Inside The Allies’ Disturbing Bombing Of Dresden At The End Of World War II

Published October 1, 2021
Updated November 16, 2021

Was the Allies bombing of Dresden in February 1945 a justifiable act or a horrific war crime that should have been punished?

By February 13, 1945, Germany had all but lost the war. Hitler was in hiding, yet British and American bombs burned the militarily insignificant civilian city of Dresden to the ground — and claimed the lives of approximately 25,000 innocent people with it.

In four separate bomb raids over three days, the Allies attempt to demoralize the Germans certainly succeeded. But was it justifiable so late in the war?

Dresden Bombing By Allies
Destroyed City
Kartoffelernte
Corpse From Dresden Bombing
Inside The Allies’ Disturbing Bombing Of Dresden At The End Of World War II
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Winston Churchill categorized the killing of innocent people in Dresden "terror bombing," – and terrifying it was. Flames engulfed the entire city. The unimaginable heat completely vaporized small children. Civilians who took shelter underground melted into liquid and bones.

In the words of survivor Kurt Vonnegut, "Dresden was like the moon... nothing but minerals."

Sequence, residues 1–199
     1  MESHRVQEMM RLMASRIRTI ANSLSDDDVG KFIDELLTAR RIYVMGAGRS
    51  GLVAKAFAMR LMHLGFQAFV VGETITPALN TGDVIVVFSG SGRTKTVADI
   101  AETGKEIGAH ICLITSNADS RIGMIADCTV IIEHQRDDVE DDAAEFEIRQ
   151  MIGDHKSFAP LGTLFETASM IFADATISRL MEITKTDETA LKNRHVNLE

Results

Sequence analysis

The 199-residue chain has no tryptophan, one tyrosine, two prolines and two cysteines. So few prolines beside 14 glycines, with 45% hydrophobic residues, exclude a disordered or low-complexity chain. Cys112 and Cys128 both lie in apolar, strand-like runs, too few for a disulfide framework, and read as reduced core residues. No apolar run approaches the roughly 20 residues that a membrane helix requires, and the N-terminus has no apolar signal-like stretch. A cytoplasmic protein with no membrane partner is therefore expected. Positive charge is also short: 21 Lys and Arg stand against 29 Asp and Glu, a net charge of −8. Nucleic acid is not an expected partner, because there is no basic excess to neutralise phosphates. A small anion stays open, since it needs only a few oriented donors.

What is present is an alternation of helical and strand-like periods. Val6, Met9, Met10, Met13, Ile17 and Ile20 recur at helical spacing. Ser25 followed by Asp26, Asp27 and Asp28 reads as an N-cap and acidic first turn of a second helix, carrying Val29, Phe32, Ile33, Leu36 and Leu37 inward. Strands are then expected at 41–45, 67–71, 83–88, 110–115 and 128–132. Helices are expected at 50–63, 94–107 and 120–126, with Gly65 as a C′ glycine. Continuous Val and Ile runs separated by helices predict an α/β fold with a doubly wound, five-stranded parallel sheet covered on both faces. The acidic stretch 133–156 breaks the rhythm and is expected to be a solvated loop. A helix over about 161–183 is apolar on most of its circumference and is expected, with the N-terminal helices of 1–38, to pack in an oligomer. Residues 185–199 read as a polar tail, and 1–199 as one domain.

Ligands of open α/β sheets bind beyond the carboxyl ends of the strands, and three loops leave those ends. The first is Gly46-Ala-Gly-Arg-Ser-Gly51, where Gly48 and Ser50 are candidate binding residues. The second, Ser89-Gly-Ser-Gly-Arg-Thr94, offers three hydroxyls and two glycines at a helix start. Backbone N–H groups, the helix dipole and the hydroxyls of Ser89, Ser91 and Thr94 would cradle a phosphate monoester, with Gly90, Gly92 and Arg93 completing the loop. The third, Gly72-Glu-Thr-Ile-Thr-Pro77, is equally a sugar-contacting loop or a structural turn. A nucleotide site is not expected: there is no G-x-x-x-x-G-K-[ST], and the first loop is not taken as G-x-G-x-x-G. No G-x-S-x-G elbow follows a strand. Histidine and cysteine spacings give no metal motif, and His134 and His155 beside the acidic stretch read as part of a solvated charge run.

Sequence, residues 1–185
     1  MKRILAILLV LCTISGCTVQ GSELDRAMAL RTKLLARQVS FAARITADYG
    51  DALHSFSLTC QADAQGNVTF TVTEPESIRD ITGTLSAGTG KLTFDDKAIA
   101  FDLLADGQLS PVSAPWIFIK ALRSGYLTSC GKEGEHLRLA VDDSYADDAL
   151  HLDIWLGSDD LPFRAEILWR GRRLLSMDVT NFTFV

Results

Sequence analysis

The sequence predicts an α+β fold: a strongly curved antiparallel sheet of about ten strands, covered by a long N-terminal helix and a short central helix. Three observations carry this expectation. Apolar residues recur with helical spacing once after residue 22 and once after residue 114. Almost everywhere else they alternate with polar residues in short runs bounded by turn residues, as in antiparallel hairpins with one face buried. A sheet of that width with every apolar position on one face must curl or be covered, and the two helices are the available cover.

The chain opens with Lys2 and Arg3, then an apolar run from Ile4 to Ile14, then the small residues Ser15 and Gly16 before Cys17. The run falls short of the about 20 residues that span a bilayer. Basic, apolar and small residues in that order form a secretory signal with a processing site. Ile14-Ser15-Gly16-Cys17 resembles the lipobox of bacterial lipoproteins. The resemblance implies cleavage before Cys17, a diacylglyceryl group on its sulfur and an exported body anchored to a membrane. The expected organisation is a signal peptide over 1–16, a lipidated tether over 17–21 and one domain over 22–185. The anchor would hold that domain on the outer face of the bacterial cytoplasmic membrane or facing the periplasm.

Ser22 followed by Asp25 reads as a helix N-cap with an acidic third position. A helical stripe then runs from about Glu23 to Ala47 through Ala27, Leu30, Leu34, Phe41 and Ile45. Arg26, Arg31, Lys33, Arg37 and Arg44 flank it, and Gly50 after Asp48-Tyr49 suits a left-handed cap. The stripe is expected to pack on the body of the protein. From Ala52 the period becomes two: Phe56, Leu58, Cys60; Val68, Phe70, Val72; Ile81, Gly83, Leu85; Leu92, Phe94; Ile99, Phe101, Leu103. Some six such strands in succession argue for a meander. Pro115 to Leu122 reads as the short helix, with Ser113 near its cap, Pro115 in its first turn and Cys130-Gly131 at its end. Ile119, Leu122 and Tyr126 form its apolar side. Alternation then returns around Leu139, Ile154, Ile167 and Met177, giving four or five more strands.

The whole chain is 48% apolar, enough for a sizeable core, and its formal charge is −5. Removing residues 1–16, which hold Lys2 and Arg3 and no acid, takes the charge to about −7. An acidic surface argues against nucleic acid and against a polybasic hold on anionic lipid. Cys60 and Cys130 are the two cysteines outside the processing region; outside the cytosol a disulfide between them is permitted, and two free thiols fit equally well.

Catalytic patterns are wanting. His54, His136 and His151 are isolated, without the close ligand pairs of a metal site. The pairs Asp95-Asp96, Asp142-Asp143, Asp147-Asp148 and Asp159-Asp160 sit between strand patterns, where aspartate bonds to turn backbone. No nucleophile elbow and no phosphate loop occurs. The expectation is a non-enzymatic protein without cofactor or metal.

Others, including Dresden bombing survivor Lothar Metzger, recalled the event this way:

"We saw terrible things: cremated adults shrunk to the size of small children, pieces of arms and legs, dead people, whole families burnt to death, burning people ran to and fro, burnt coaches filled with civilian refugees, dead rescuers and soldiers, many were calling and looking for their children and families, and fire everywhere, everywhere fire, and all the time the hot wind of the firestorm threw people back into the burning houses they were trying to escape from. I cannot forget these terrible details. I can never forget them."

Metzger was just ten years old at the time.

These people in Dresden weren't active Nazis. There was no military base in this city of historic, Baroque architecture. Afterward, even Churchill questioned the bombing of Dresden, saying "the destruction of Dresden remains a serious query against the conduct of Allied bombing."

As people continue to mourn civilian deaths as a cost of war, the moral implications of the Dresden bombing still hang in the air. The photos above serve as a poignant reminder of what's really at stake when war divides us.


See why many categorize the Dresden bombing as a war crime and discover which other events join its ranks in this look at the worst Allied war crimes of World War II. Then, have a look at some stirring World War II photos that bring the entire catastrophe to life.

Erin Kelly
An All That’s Interesting writer since 2013, Erin Kelly focuses on historic places, natural wonders, environmental issues, and the world of science. Her work has also been featured in Smithsonian and she’s designed several book covers in her career as a graphic artist.